Conducting “Special Situation Analyses” for Common School Areas and Peer-Related Anti-Social Behavior
Later this week, I will be attending a small, interdisciplinary working conference, funded by the Spencer Foundation, that I was invited to by the Loyola University Chicago Schools of Education and Law. The theme of the Conference is Reducing Suspensions and Expulsions of Students with Disabilities: Linking Research, Law, Policy, and Practice.
The focus of the conference is on building a research and policy agenda centering on changes to laws, policies, and school practices to prevent and respond to the behaviors of students with disabilities through non-exclusionary means. The overall goal is to promote greater inclusion of students with disabilities in schools, and the more successful implementation of services, supports, and interventions for students demonstrating social, emotional, and behavioral challenges.
At the Conference, I will be presenting a paper entitled:
Increasing Social, Emotional, and Behavioral Self-Management and Improving Multi-Tiered Systems of Support: Most Students with Disabilities have Behavioral, Not Disciplinary, Problems
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The Conference and my Paper fit perfectly into the three-part Blog series that we are currently in the middle of (this being Part II). This Series is critical not just because bullying and the presence of behaviorally challenging students are increasing in schools nationwide, but because—as we have discussed many times before—districts and schools continue to use frameworks (like PBIS and SEL) and practices (like mindfulness strategies and Restorative Practice approaches) that have weak evidence-based foundations, and that sound and objective research studies have shown to be inconsequential at best.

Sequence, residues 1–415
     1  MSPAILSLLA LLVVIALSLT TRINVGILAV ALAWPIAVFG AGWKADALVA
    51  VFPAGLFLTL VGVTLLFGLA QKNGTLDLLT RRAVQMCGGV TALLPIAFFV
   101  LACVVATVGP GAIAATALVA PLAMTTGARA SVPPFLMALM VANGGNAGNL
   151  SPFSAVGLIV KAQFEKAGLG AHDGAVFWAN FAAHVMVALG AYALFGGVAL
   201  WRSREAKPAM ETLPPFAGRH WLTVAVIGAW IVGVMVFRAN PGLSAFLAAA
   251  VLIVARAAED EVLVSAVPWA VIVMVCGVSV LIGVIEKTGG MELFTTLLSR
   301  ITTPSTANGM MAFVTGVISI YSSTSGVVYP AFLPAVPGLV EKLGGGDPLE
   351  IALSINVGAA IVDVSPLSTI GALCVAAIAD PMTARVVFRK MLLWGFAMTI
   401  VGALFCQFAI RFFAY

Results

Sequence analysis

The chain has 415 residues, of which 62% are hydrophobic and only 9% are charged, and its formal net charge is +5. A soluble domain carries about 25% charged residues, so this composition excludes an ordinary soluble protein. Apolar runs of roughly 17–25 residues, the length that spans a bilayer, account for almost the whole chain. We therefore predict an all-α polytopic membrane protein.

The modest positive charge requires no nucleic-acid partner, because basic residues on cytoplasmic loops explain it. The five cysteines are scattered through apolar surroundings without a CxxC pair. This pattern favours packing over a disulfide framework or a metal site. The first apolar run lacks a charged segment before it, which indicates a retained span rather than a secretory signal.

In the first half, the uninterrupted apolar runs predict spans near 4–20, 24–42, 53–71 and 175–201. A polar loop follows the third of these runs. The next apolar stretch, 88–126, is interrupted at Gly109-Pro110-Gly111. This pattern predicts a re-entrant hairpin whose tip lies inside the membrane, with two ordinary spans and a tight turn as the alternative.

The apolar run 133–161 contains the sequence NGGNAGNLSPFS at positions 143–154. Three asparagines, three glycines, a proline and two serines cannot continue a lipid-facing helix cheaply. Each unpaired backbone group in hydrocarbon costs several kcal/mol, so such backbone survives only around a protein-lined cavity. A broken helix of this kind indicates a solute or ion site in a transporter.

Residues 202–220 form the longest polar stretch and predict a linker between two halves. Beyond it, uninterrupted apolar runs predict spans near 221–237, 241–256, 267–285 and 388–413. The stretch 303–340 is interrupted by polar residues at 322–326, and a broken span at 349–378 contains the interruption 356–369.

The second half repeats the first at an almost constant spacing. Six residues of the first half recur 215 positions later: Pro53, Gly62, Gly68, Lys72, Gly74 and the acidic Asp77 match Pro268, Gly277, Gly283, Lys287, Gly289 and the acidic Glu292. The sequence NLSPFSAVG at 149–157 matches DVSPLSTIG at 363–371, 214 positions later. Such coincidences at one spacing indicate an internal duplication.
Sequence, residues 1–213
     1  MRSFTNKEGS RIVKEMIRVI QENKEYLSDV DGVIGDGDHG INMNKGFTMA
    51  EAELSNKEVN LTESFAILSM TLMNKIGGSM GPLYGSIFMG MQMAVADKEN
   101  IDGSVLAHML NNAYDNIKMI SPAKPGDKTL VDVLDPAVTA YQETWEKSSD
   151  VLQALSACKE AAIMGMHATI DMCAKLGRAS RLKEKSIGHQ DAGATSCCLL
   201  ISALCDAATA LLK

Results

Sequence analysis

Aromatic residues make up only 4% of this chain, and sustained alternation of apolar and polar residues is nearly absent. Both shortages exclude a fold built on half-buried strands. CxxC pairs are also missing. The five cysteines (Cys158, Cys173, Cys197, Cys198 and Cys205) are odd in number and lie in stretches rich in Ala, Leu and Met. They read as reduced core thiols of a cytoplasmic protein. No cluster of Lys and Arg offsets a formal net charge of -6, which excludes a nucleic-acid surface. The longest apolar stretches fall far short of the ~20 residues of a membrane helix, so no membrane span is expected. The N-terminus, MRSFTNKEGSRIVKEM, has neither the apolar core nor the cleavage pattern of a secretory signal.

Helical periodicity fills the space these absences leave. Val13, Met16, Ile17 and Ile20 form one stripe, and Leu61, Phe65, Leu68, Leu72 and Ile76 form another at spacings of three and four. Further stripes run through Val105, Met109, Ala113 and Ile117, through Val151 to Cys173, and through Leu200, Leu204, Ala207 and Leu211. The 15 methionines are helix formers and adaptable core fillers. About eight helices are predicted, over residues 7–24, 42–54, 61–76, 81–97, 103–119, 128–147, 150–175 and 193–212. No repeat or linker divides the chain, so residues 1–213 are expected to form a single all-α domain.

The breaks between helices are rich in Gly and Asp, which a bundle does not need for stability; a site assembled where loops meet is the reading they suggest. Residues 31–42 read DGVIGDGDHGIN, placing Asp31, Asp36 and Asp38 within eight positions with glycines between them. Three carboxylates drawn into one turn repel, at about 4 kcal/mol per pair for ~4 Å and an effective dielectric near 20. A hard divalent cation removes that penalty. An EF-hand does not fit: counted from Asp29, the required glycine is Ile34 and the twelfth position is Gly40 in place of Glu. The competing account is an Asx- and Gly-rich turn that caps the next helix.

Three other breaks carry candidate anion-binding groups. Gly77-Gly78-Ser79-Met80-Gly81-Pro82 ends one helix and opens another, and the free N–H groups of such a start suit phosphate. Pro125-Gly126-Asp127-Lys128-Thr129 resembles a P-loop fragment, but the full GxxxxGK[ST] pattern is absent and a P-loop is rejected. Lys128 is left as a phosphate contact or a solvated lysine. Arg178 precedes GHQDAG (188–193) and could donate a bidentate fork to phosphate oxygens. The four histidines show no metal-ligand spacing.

Unfortunately, even this week, I continue to hear that schools are sending teams this summer to PBIS and Restorative Practice trainings—with plans to implement these approaches come Fall.
These groups continue to believe (despite long-standing evidence) that a three- or five-day training of a representative team from a school gives this team the knowledge, skill, and expertise to implement a comprehensive, psychoeducationally-based school-wide approach that will change and sustain student, staff, and school behavior and interactions.
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A Quick Detour: Max Eden Supports My Critique Above